You call this group the “Trumanite network” in your book. What’s the link to Harry Truman?
It was in Truman’s administration that the National Security Act of 1947 was enacted. This established the CIA and the National Security Council and centralized the command of the U.S. military. It was during the Truman administration as well that the National Security Agency [NSA] was set up, in 1952, although that was a secret and didn’t come to light for many years thereafter.
In contrast to the Trumanites you set the “Madisonians.” How would you describe them?
The Madisonian institutions are the three constitutionally established branches of the federal government: Congress, the judiciary and the president. They are perceived by the public as the entities responsible for the formulation of national security policy, but that belief is mistaken. The idea is driven by regular exceptions. You can always point to specific instances in which, say, the president personally ordered the killing of Osama bin Laden or Congress enacted the War Powers Resolution. But these are exceptions. The norm is that these three branches defer to the Trumanite network, and that’s truer all the time.
So the trend is toward increased power on the Trumanite side of the ledger.
If that’s true, why has there not been a greater outcry from the public, the media—all the observers we have?
I think the principal reason is that even sophisticated students of government operate under a very serious misunderstanding. They believe that the political system is self-correcting. They believe the framers set up a system of government setting power against power, and ambition against ambition, and that an equilibrium would be reached, and that any abuse of power would be checked, and arbitrary power would be prevented. That is correct as far as it goes, but’s only half the picture. The other half is that Madison and his colleagues believed that for equilibrium to occur, we would have an informed and engaged citizenry. Lacking that, the entire system corrupts, because individuals are elected to office who do not resist encroachments on the power of their branches of government, and the whole equilibrium breaks down.
What role, if any, have the media played?
The media have been enablers. Although there are a handful of investigative journalists who have done a heroic job of uncovering many of the abuses, they are the exception, for several reasons. Number one, the media are a business and have a bottom line. It takes an enormous amount of money to fund an investigative journalist who goes about finding sources over a period of years. Very few newspapers or television concerns have those sorts of deep pockets.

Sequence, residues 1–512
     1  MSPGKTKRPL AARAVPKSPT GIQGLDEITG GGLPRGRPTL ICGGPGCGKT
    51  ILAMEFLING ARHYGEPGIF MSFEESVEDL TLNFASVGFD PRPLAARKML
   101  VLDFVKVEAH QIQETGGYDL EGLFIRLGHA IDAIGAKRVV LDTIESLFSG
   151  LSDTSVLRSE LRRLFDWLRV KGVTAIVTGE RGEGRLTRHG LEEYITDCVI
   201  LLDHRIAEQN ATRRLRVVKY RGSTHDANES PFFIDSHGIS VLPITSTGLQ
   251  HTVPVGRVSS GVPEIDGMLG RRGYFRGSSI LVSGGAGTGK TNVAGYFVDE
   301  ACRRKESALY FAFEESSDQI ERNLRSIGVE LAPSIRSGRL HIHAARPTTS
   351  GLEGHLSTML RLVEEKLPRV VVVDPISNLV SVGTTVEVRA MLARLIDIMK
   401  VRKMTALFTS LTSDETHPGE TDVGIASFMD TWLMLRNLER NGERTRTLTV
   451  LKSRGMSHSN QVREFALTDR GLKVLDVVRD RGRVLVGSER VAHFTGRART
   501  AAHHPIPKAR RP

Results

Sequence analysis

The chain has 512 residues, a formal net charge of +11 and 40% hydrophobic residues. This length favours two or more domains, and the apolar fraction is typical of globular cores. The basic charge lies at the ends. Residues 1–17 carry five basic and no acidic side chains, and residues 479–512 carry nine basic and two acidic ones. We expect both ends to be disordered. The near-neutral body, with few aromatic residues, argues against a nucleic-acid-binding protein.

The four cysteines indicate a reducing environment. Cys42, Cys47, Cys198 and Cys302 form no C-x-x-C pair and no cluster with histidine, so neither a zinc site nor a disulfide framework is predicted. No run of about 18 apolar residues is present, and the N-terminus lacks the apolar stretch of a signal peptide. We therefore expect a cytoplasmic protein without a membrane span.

Second, access for the press is everything. There is enormous incentive to pull punches, and you don’t get interviews with top-ranking officials at the NSA or CIA if you’re going to offer hard-hitting questions. Look, for example, at the infamous 60 Minutes puff piece on the NSA, a really tragic example of how an otherwise respectable institution can sell its soul and act like an annex of the NSA in order to get some people it wants on the TV screen.
What is the role of terror in this environment?
The whole transfer of power from the Madisonian institutions to the Trumanite network has been fueled by a sense of emergency deriving from crisis, deriving from fear. It’s fear of terrorism more than anything else that causes the American people to be increasingly willing to dispense with constitutional safeguards to ensure their safety. Madison believed that government has two great objects. One object of a constitution is to enable the government to protect the people, specifically from external attacks. The other object of a constitution is to protect the people from the government. The better able the government is to protect the people from external threats, the greater the threat posed by the government to the people.
You’ve been involved with the U.S. government for 40 years. How has your view of government changed?
Double government was certainly a factor in the 1970s, but it was challenged for the first time thanks to the activism stemming from the civil rights movement, Vietnam and Watergate. As a result, there were individuals in Congress—Democrats and Republicans like William Fulbright, Frank Church, Jacob Javits, Charles Mathias and many others—who will stand up and insist upon adherence to constitutionally ordained principles. That led to a wave of activism and to the enactment of several pieces of reform legislation. But there is no ultimate victory in Washington. Those reforms have gradually been eaten away and turned aside. I think today we are right back where we were in the early 1970s. NSA surveillance is an example of that. The Church Committee uncovered Operation Shamrock, in which the NSA had assembled a watch list of antiwar and civil rights activists based upon domestic surveillance. Church warned at the time that NSA capabilities were so exceptional that if they were ever turned inward on the American people, this nation would cross an abyss from which there is no return. The question is whether we have recently crossed that abyss.